There may well be no single technology-based product in the U.S. that has received more negative publicity in the last year than the much-maligned chip-enabled credit card. Merchants have been slow to change their systems to accept it, consumers have experienced longer waits at checkout stands because of it, and the card’s introduction has led to a major spike in online fraud as cybercriminals abandon credit card scams at brick and mortar retailers. As the pioneering cryptographer Whitfield Diffie famously declared at one cybersecurity conference last year, the introduction of chip cards were “a nice visible thing that banks can do in a year of complete embarrassment.”
Yet, in the midst of all the negative noise surrounding these “EMV” cards, whose embedded chips are designed to provide more protection than the older “magnetic stripe” swipe versions, there are rays of sunshine breaking through the dark clouds. Positive news in the chip card rollout could be found at the TRANSACT 16 payments technology conference in Las Vegas last week, as corporate financial leaders and analysts gathered to assess the latest trends in the rapidly evolving financial technology industry.
The EMV chip card rollout was a prime topic of discussion, and industry leaders appeared eager to address the problems confronting merchants and consumers. One of the key messages was patience. As Jason Oxman, CEO of the Electronic Transactions Association, told the gathering on Wednesday, “Widespread adoption of new payments technologies takes time.”
In an effort to address complaints about slower transaction speeds at checkout registers, Visa announced at TRANSACT last week that they will implement a software upgrade for its chip cards which will reduce the total processing time to two seconds. Merchants have been reporting customer waits taking 15 seconds to a minute longer than the previous “mag swipe” method for a single chip card transaction.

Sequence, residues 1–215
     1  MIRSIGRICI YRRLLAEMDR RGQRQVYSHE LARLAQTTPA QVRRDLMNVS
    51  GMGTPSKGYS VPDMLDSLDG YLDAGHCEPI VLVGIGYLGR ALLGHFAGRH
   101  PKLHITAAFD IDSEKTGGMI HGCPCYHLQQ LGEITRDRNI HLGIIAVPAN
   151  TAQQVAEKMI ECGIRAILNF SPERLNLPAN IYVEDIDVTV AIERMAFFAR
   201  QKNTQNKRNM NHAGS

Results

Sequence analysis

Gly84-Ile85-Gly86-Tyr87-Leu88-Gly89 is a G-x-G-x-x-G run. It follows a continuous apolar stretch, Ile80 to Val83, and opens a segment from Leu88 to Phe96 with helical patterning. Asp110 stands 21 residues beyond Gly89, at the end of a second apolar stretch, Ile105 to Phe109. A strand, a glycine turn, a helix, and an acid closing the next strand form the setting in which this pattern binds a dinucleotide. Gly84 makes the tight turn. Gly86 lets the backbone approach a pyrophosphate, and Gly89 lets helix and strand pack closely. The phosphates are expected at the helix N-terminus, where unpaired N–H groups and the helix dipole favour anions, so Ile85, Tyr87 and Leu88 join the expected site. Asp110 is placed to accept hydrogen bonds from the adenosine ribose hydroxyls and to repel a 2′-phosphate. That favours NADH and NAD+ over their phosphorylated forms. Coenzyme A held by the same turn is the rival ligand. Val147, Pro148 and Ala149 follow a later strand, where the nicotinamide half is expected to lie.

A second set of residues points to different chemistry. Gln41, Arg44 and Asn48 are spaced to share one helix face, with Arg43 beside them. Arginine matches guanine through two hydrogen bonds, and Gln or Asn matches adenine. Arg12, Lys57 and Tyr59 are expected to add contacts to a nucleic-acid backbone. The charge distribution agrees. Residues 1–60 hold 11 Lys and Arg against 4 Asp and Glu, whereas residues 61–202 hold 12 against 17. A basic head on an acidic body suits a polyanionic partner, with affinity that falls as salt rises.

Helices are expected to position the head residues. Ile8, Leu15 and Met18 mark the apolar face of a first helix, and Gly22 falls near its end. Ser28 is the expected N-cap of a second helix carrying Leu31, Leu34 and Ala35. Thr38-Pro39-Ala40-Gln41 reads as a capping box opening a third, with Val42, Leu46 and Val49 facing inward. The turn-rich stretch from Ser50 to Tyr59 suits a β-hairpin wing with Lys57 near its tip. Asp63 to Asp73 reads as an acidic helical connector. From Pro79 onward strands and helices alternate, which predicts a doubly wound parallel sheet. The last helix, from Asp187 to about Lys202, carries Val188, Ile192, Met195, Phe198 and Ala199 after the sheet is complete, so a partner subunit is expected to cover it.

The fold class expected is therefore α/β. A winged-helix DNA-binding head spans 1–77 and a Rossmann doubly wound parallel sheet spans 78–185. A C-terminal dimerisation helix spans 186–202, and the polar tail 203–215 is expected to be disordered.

Another sore spot among merchants has not only been the cost to replace existing terminals with those which can accept chip cards, but the complicated process of being certified for the transactions as well. Although an estimated 5-7 million payment terminals can now accept chip cards (about 50% of all terminals in the U.S.), barely one million of them have been certified.
This has sparked new business for startup companies in the transaction technology space, and several of them were on display at ETA’s show in Las Vegas. One of them – CardFlight – offers a complete certification package with their software and card readers.
Boomtown, another startup at the financial payments conference, has built their business model around providing 24/7 technical support for smaller, local businesses across the U.S. who are struggling with mobile and chip card technology. “With EMV coming, no one has organized a technical labor force to be on site to make sure those implementations happen properly,” said Alfred “Chip” Kahn who founded Boomtown. “We’ll take advantage of the rising tide to get traction and adoption.”
The chip card introduction has placed merchants in a vulnerable position because as of last October, they are now liable for fraud if they are not able (or willing) to accept the new payment standard. Despite this “carrot and stick” approach, chip card implementation has been uneven across the U.S. and evidence for this can be found in the “EMV Migration Tracker Report” released by CardFlight at last week’s conference.
CardFlight’s data, gleaned from hundreds of thousands of transactions in all 50 states over the last six months, shows that 88 percent of American Express cards now have chips, compared with MasterCard who had less than half of their branded plastic converted. States with the highest share of cards are currently California, Florida, and Arizona, while Utah, Mississippi, and Maine are lagging far behind the rest of the country.
The bumpy ride for the transition to chip cards could have a positive, although unintended consequence in the tech industry. The slowness of merchants to adapt their equipment and customer frustration may lead to an increase in the use of mobile payment solutions such as Apple Pay. All of this is being closely watched by gas station owners, because they don’t have to convert to the new chip card payment technology until October of 2017.
Most industry observers interviewed last week for this story still believe that ultimately, a vast majority of retailers will convert to systems that will readily accept chip cards, if not this year, then certainly by next summer. That’s the optimistic view from companies in the electronic payments world, who see a silver lining in the clouds that have surrounded this controversial change.